'You worry about them': Outnumbered school counselors struggle to keep kids safe remotely

'You worry about them': Outnumbered school counselors struggle to keep kids safe remotely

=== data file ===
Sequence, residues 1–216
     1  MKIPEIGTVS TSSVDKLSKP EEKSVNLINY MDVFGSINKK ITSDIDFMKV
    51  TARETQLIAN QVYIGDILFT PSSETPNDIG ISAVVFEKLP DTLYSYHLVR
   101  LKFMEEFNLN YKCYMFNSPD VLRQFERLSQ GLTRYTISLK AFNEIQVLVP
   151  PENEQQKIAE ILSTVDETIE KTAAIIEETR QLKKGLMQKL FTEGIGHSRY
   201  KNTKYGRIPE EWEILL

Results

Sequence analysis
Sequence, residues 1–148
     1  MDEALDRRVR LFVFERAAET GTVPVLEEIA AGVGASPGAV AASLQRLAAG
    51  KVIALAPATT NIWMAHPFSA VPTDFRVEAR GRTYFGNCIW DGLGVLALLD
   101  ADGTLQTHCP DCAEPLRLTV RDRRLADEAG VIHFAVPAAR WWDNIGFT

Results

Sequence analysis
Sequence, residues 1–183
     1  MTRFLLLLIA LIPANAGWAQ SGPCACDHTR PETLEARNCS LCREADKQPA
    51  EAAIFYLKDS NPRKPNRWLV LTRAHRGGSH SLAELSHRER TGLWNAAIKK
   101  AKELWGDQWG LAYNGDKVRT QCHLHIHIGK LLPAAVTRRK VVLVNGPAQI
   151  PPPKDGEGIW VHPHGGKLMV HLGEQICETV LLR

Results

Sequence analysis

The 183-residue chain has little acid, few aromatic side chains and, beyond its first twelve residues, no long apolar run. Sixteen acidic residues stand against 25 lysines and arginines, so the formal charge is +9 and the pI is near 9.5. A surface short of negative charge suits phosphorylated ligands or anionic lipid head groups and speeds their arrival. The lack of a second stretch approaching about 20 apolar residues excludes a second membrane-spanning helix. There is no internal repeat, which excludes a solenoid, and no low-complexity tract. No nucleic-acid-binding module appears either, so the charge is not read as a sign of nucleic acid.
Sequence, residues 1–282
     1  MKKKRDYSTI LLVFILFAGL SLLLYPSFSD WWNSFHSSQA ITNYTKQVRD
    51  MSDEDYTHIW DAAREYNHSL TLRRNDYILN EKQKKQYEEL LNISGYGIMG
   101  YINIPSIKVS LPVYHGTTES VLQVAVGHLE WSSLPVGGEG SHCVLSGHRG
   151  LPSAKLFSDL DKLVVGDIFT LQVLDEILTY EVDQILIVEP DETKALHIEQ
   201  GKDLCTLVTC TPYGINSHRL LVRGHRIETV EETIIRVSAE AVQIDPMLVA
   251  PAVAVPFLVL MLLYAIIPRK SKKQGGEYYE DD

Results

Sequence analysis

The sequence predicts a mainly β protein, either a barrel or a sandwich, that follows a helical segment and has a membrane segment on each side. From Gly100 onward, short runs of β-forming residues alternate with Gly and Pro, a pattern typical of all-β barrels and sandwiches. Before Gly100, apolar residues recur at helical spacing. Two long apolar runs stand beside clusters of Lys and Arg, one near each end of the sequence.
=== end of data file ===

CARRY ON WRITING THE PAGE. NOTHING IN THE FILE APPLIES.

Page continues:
As educators everywhere try to figure out how to do their jobs remotely, the coronavirus pandemic has highlighted another problem facing schools across the country: the instability of relying on one counselor, or just a few, to guide hundreds of students through new academic hurdles, prepare them for an uncertain future, and triage their mental health crises. Even as the ratio of students to counselors declines nationally, many states remain well above the 250-to-1 recommended by the American School Counselor Association. And counselors around the country have scrambled to find answers to questions about how to ethically and logistically approach the new virtual reality of their work. In late March, as states rushed to close schools, the ASCA tried to host a pair of webinars to answer those questions. But after 13,000 members registered for the sessions – and quickly crashed the servers – the ASCA stopped offering live webinars, said Jill Cook, a former school counselor who is assistant director with the organization. “Folks all over the country, not just in rural states, they’re just searching for help and support,” Cook said. “School districts have a lot on their plates so (counselors) haven’t really gotten directives about what their role should look like.” A scarcity of counselors, especially in elementary schools, puts students in some regions at particular risk. For example, the Arizona Department of Child Safety has seen the number of calls to its child abuse hotline fall by a quarter since mid-March – a reminder that students in vulnerable situations at home ...
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